Instead of conceptions of God as an all-powerful mighty warrior who is vengeful and able to do whatever/whenever, I prefer now to use images of God as Mother and make use of the concept of the “divine womb” giving birth and caring for creation like a mother bird cares for her chicks.
The Hebrew word for womb is rehem which comes from the root rahum which means “merciful”. In a number of passages in the Hebrew Scriptures, God conceives, is pregnant, writhes in labor pains, brings forth a child, and nurses it (Trible God and the Rhetoric of Sexuality, 447).
In the white male system that all Western Christians are a part of, omnipotence and power are falsely envisaged as a “zero sum” issue. “Things have to be either this way or that. One must be either superior or inferior. One must be either one-up or one-down…One is either controlled or controlling, depending on where one is in the hierarchy” says Keller. It’s time for males in the Church to give up their need to be in power.
We need to decenter and redefine our definitions of God’s omnipotence as “dominating” and “controlling” because these conceptualization give sanction to more male superiority and run counter to the way God has acted in the economic Trinity.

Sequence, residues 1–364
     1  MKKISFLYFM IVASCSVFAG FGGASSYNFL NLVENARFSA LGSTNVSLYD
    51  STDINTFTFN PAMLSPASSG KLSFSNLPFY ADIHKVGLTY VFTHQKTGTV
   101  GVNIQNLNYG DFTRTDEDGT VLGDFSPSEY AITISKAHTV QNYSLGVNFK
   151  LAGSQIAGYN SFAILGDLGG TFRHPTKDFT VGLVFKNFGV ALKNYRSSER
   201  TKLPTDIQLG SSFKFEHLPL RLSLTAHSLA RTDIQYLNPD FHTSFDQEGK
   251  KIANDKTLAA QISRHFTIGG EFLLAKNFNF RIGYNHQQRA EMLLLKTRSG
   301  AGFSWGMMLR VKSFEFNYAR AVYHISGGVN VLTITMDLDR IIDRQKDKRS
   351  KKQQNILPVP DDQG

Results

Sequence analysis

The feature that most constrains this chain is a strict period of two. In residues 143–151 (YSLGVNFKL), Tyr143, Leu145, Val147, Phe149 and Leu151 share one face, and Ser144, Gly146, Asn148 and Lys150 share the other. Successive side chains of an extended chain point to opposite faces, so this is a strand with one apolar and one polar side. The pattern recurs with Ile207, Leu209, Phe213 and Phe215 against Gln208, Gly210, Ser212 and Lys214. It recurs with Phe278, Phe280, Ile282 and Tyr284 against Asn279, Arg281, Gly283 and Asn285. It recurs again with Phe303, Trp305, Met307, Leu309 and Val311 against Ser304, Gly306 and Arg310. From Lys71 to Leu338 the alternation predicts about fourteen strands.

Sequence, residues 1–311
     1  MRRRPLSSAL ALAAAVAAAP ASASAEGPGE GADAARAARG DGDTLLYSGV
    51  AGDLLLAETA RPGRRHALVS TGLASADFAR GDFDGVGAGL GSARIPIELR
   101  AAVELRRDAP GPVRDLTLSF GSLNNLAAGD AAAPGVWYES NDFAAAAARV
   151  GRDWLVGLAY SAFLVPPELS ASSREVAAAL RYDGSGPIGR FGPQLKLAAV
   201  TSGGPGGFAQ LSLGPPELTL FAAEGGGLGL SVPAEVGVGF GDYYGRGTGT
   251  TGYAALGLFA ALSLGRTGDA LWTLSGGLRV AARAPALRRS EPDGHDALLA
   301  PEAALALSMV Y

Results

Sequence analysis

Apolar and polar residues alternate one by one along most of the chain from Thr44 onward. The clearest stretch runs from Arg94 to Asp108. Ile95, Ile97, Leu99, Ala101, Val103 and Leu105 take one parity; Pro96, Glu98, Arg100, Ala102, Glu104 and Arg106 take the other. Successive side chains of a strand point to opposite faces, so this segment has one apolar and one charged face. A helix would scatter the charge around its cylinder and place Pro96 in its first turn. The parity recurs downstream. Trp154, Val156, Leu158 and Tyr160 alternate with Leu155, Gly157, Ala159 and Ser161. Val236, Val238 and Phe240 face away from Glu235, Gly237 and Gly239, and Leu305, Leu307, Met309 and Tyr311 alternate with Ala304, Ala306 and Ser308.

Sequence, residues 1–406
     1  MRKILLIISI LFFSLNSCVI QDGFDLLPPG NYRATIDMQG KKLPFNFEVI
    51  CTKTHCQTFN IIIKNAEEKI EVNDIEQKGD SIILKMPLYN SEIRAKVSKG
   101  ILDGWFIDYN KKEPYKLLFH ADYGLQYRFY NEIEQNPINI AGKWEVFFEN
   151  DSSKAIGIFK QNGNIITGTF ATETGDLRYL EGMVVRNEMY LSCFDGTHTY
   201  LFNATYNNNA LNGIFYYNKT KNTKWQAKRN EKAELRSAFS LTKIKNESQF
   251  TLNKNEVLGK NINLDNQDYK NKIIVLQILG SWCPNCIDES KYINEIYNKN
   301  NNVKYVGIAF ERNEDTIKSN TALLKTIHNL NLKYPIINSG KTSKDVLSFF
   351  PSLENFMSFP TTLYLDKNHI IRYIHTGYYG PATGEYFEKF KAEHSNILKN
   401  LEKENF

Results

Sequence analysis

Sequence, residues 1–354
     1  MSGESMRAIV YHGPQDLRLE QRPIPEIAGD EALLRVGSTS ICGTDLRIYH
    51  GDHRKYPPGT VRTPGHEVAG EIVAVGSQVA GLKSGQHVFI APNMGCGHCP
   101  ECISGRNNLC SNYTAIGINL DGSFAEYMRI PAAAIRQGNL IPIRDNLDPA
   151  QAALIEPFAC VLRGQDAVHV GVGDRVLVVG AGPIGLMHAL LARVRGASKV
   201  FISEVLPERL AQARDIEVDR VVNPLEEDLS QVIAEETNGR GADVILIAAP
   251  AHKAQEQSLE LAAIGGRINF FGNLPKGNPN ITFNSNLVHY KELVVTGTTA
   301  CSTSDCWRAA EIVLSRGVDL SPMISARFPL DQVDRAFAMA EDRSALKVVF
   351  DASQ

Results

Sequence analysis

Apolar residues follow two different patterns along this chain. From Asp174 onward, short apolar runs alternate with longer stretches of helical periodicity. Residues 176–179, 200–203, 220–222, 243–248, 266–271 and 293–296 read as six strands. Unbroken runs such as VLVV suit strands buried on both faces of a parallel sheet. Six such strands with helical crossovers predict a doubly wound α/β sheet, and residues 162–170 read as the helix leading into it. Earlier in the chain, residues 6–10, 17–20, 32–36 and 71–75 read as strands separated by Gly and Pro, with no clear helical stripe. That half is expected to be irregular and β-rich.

The Triune God is powerful insofar as God is relational with God-self and the world. The Triune God is a God of mutual empowerment and erotic power who gives life to all things. “Erotic power is the power of connectedness” says Rita Nakashima Brock (Beyond Jesus the Christ: A Christology of Erotic Power).
Those who cling to biblical literalism and male power would do themselves a great theological service if they would realize the beauty of conceiving the Triune God and humanity’s primal interrelatedness through the lens of the Mother/child relationship.
I think Daniel Migliore best represents my point in this post: “The power of the Triune God is not coercive but creative, sacrificial, and empowering love; and the glory of the triune God consists not in dominating others but in sharing life with others…”
Ask yourself, “Does my conceptualization of omnipotence fall under the category of male dominance and control, or does it fall under the category of creativity, sacrifice and empowerment? After considering this question, think about which one of these best represents a narration of the life of the second person of the Trinity.
In the next post, I will employ Max Horkeimer’s critical theory and focus primarily on #2 and #5. I will also explore a broad range of themes in Trinitarian and feminist theology, considering the critiques they have made of traditional Christian doctrine of omnipotence, the constructive alternatives they both proposes, and the effect they have on the life of the people of God today.